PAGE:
Standing up for start-ups

What must a political party do to merit the tag of a ‘party of small business’?

Standing up for start-ups

For those of you who missed it, Ed Miliband boldly declared last week that Labour would be the ‘party of small business’ should they emerge triumphant from the next general election. In his keynote speech at the Labour party conference in Brighton, Miliband outlined a range of policy proposals purportedly designed with the small business owner in mind – and he took a swipe at the current government’s track record in the process.

Among the announcements was a declaration that Labour would cut business rates to the level of the previous year, before freezing them in 2016. By applying this cut to properties valued at less than £50,000, Labour estimated that ‘hundreds of thousands’ of companies would benefit. Meanwhile, Miliband revealed that Labour would also scrap the Coalition’s proposed cut in corporation tax for larger firms from 21% to 20%, scheduled for 2015. And energy firms were a further target of Miliband’s ire, as he promised a 20-month price freeze, along with a new tougher regulator to give households and businesses a ‘fairer deal’ on their rates.

However, the question remains as to whether the delivery of these promises would genuinely reveal Labour to be the party of small business. Needless to say, our country’s small business owners have their own thoughts as to what such a party would look like.



“MPs should have experience of entrepreneurship,” says Sam Parton, co-founder of OpenPlay

The main flaw for any political party suggesting that it is a ‘party of small business’ is that very few, if any, of its members have ever worked in a small business or taken the risk of starting their own. As such, someone like Ed Miliband cannot begin to understand the pains and emotions that any founder of a small business goes through when starting out. His latest statement about freezing energy prizes or business rates suggests that he fundamentally does not understand economics – the country cannot pay for itself as it has clearly shown. Instead, innovation should be rewarded in all industries and barriers to SME innovation and growth such as red tape should be tackled.

At the moment, most SMEs see political parties as blasting hot air and this boils down to their lack of experience working in SMEs. Any party with at least a couple of members who are entrepreneurs, with credible reputations and opinions, might just be able to justify the label of a party of small business.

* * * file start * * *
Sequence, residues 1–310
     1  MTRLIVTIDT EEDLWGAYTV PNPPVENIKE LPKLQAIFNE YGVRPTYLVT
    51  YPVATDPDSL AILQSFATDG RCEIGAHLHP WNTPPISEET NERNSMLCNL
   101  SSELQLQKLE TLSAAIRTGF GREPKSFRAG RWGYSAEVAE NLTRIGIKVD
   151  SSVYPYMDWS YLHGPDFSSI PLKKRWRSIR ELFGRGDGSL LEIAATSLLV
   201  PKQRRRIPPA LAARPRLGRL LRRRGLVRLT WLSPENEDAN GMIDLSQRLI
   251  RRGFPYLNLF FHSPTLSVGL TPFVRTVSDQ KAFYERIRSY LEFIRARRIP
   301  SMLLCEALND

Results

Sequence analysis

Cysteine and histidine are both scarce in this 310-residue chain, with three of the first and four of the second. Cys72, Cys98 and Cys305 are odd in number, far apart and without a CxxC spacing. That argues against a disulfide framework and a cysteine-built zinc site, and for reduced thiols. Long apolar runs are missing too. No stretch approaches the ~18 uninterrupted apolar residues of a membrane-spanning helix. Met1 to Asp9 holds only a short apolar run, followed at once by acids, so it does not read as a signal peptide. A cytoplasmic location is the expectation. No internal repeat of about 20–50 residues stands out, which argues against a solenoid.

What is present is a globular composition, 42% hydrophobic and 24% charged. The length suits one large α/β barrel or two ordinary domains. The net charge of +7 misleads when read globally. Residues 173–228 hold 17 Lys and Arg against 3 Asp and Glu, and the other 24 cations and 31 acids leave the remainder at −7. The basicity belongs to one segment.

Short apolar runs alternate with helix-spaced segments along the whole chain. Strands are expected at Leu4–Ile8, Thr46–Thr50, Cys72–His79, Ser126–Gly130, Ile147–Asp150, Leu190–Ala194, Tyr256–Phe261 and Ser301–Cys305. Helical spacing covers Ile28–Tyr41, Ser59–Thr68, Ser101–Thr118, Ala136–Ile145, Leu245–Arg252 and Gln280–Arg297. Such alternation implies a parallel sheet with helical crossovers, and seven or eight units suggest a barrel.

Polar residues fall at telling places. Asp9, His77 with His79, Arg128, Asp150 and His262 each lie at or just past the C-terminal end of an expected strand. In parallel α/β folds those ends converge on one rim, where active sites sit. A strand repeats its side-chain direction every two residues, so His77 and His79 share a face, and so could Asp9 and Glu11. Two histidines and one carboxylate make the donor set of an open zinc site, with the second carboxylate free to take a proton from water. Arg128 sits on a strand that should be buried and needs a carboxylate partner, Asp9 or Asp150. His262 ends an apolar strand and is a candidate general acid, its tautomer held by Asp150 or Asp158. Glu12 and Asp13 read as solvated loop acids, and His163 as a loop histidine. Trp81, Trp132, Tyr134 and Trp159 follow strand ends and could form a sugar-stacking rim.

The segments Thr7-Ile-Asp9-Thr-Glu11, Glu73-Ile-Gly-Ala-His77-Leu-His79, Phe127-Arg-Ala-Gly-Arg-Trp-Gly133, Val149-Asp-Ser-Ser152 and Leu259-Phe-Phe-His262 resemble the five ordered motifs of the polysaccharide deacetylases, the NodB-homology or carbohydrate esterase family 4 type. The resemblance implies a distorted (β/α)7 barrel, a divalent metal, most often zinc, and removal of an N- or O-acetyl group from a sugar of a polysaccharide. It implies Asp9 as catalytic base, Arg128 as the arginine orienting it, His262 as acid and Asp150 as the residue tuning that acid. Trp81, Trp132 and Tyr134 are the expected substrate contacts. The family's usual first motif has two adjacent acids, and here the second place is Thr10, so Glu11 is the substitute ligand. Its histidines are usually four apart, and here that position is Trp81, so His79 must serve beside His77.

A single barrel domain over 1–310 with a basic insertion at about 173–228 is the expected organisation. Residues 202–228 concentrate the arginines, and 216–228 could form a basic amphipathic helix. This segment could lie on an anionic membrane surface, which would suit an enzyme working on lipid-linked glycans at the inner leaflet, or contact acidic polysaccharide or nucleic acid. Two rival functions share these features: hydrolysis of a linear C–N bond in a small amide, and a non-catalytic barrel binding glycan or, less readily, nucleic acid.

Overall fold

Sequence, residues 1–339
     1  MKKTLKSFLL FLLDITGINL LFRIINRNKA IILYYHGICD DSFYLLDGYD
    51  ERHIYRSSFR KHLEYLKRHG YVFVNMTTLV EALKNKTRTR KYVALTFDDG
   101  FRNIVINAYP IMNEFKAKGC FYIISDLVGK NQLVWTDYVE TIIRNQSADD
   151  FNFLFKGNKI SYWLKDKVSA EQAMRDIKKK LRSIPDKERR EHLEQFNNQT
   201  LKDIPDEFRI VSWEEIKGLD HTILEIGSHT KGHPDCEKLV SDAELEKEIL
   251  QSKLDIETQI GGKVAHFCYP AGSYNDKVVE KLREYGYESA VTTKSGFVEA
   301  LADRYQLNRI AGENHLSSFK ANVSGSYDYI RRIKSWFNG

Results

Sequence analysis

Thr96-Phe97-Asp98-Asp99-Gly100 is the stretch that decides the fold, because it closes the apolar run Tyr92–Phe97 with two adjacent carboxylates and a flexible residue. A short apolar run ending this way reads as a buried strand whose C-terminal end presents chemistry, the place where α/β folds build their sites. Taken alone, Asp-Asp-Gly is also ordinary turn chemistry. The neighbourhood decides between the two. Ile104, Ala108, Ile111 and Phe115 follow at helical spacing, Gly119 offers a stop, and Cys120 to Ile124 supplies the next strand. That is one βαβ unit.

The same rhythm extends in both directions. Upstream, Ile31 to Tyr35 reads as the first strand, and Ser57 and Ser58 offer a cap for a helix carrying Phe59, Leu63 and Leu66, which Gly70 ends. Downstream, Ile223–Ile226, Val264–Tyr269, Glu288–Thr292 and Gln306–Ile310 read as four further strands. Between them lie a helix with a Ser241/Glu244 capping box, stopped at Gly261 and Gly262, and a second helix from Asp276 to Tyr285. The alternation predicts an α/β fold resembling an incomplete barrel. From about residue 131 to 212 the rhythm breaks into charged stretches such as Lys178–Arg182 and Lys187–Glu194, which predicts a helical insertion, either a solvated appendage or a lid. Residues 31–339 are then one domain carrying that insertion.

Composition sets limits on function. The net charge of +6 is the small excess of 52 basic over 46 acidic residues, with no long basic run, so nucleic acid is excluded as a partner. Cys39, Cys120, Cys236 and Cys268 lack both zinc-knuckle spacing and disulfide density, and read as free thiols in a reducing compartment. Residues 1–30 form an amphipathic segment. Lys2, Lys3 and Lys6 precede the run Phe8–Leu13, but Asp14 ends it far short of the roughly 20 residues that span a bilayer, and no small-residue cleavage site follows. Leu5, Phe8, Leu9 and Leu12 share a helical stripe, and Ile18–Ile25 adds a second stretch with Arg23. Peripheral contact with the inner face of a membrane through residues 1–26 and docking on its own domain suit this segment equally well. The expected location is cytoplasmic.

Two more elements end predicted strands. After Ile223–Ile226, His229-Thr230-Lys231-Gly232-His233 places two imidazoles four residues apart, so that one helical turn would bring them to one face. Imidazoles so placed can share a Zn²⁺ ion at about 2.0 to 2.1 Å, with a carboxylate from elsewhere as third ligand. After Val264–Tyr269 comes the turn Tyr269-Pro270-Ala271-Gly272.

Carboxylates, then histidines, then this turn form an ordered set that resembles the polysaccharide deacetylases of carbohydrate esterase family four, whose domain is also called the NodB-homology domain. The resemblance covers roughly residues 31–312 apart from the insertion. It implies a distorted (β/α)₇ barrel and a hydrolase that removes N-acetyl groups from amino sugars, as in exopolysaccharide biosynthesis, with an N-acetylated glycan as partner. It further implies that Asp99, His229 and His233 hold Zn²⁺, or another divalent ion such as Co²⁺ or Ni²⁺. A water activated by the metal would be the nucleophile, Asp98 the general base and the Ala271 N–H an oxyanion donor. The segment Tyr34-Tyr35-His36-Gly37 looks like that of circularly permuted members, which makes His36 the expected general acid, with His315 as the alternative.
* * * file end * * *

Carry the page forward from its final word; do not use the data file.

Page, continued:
“Parties must understand how business models have changed,” says Amanda Boyle, founder of

Battling for the title of  the ‘party for small business’ has become a recurring political theme; however, it’s a battle with much posturing and little progress. Headline grabbing policies are thrown around in the run up to elections, then watered down for implementation. Bright ideas from the current government provide a perfect example: the Funding for Lending Scheme hasn’t helped small businesses, nor has the Business Bank. Ed Miliband’s hopes for frozen business rates and energy bills would be welcomed by small business owners, but they are a fantasy, and hardly the most pressing concerns. I meet countless entrepreneurs who are trying to turn their part-time ventures into businesses, then their fledgling businesses into successful, sustainable enterprises. The odds are stacked against them in our current economic environment.

Therefore, any party for small business must firstly make more money accessible to new businesses and pre-revenue businesses, which are ultimately the future of our economy. Secondly, it is essential that both enterprise and business are built into the education system to give young people an entrepreneurial mindset as well as employable skills. Finally, business models have changed dramatically in the last 20 years and assets are more likely to be intangible, so support, funding and rates must reflect the changing face of British business. 

Adam Pescod
Adam Pescod

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